Retro styling is all the rage today, but sometimes “retro” is synonymous with “regrettable.”
The entry hallway to our house is a case in point. When we moved in, we tried to convince ourselves that the white brick with black grout was fun and funky. The more we lived with the look, though, the less we liked it. The bricks had a rather artificial look to them, and the black grout accentuated the fact that the rows were neither level nor plumb.
We finally decided that the ugly white brick had to go. Our biggest problem was figuring out how to remove the brick without demolishing the wall. After spending several hours of painstakingly trying to pry the bricks loose, we concluded that preserving the wall was unrealistic. Not only did the bricks have to go, but so did the wall. Once we committed to a “demolition” rather than a “removal,” it was surprisingly easy to get down to bare studs.
We made short work of building the wall back up. It was amazing how much better even bare sheetrock looked in the entry; we knew immediately that we had made the right decision!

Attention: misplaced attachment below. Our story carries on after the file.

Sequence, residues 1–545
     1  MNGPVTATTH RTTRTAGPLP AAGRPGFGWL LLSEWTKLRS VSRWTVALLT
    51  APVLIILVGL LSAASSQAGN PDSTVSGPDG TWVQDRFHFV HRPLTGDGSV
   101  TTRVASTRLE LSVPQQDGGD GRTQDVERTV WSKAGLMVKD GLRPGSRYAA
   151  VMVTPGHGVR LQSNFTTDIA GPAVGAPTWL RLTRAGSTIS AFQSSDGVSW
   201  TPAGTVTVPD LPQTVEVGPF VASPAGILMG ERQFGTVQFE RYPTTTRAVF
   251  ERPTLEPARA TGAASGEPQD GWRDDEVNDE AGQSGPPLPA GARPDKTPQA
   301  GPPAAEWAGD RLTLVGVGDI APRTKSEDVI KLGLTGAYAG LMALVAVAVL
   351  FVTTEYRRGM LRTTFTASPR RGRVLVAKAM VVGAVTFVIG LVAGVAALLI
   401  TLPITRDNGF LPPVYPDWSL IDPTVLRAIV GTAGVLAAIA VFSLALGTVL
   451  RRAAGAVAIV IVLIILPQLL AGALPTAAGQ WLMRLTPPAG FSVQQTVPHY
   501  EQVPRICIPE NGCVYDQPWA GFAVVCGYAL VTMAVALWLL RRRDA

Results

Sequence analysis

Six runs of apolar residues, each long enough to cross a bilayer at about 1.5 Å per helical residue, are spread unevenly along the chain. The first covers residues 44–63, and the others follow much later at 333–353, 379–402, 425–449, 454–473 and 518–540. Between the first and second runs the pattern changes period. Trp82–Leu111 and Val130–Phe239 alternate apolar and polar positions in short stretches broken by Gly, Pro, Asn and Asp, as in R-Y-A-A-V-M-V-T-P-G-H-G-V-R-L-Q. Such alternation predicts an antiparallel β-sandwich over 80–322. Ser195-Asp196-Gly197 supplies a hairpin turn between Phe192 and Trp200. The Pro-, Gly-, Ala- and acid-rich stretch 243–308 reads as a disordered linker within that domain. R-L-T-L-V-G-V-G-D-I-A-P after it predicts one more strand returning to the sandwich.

Our next challenge was determining exactly what to do with those bare walls. Because our home is a split level, and guests are looking up into the living room when they are in the entry hall, we decided to thematically unify the design motifs in the two rooms. The back wall of the living room features birch wood paneling topped by crown molding, both stained a rich mahogany hue. We decided to pick up the same elements in the entry.
Upon experimenting with the paneling, however, we decided it was too dark for the small space. The solution was to cut the paneling down and install it as wainscoting. We used the same crown molding as in the living room and an intricate picture-frame molding as the chair rail. Finally, we painted the upper walls a soft cream color to contrast the mahogany stain of the woodwork and create a seamless flow to the living room.
Surveying our completed walls, we allowed ourselves a brief moment of self-congratulation. We finally had an entry hallway that, instead of making us cringe, actually made us comfortable.